Monogatari Series Second Season - 05 H (57)

When it comes to iconic or series defining moments, this one from Nekomonogatari White Part 5 still takes the cake.

Then there was Hitagi End, perhaps the best combination of Nisio’s writings with Shaft’s visuals yet. I still think Shaft should have fit it into 5 episodes, but it turned out fine at 6. They didn’t let loose too much visually, but they still had plenty of great touches like the 3 stage costumed conversation in Part 1. And this finale was beautiful, Shaft going all out in the snake filled climax, and not to mention the series of landscapes Kaiki walked through before he met his unfortunate fate (was more than a bit reminiscent of Shinobu and Koyomi walking through various scenes in the town before heading to their deaths at the end of Mayoi Jiangshi). All backed by perhaps the sharpest dialogue that Nisio has written for this series yet.

The Monogatari series is a funny beast. I still remember the storm surrounding it back when it was released in 2009. It wasn’t love at first sight, and I in fact dropped it after a couple of episodes, but I found myself oddly drawn back to it. In time for that episode, the one that cemented its spot among the most memorable, if not powerful, shows I’ve watched. Nisemonogatari was even better in many ways, though it faced criticism for being little more than a fanservice fest. Which it was. A glorious and beautiful fanservice fest. I like Bakemonogatari better, but I still believe Nisemonogatari was a better put together, better directed piece of work made from worse source material.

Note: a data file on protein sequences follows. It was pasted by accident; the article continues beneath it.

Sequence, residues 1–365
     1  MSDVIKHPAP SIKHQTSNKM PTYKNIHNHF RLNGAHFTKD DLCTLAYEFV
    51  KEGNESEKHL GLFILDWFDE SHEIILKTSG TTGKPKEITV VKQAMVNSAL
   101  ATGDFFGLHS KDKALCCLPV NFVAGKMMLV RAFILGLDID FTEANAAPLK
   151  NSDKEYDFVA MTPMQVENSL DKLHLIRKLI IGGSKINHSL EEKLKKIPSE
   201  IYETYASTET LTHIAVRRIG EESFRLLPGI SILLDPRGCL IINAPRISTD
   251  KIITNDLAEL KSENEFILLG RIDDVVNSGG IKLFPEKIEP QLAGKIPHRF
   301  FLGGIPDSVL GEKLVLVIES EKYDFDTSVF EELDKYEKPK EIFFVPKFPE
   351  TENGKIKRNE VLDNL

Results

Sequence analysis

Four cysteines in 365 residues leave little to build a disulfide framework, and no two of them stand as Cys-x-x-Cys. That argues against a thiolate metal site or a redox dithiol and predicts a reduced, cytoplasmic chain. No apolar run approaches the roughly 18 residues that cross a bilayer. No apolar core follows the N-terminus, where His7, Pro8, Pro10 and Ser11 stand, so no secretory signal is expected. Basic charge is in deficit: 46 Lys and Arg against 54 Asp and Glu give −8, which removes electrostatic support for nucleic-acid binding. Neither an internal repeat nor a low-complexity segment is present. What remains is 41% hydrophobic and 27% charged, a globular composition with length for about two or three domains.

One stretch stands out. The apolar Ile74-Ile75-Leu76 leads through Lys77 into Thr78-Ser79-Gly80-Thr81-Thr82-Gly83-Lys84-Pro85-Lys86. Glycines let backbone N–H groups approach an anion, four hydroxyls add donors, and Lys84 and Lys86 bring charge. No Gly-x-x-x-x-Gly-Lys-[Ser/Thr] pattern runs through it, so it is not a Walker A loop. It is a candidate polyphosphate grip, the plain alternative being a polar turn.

Monogatari Series Second Season - 14 (46)

Though a close second, of course, is Nadeko’s character defining scene.

I’d place this season’s production quality somewhere between Bakemonogatari and Nisemonogatari, but the source material as being much stronger than either. It’s beyond cliche now that harem light novels tend to scare away from plot developments, usually so that fans of specific characters will have reason to keep buying them. That’s not what these 6 new entries in this series did, instead following each character’s story thread to its conclusion, while also layering on new characters and mysteries. Nisio is a little too shameless about his trolling and his meta jokes (many of which Shaft thankfully cut from their adaptations), but this is still a far better way to tell a story than to force a status quo. Nisio playing so close to the chest with stuff involving Gaen Izuko and Oshino Ougi can be annoying, but the main story in each arc worked fine without the little details. Well, except for Shinobu Time, but it wouldn’t have been fine either way.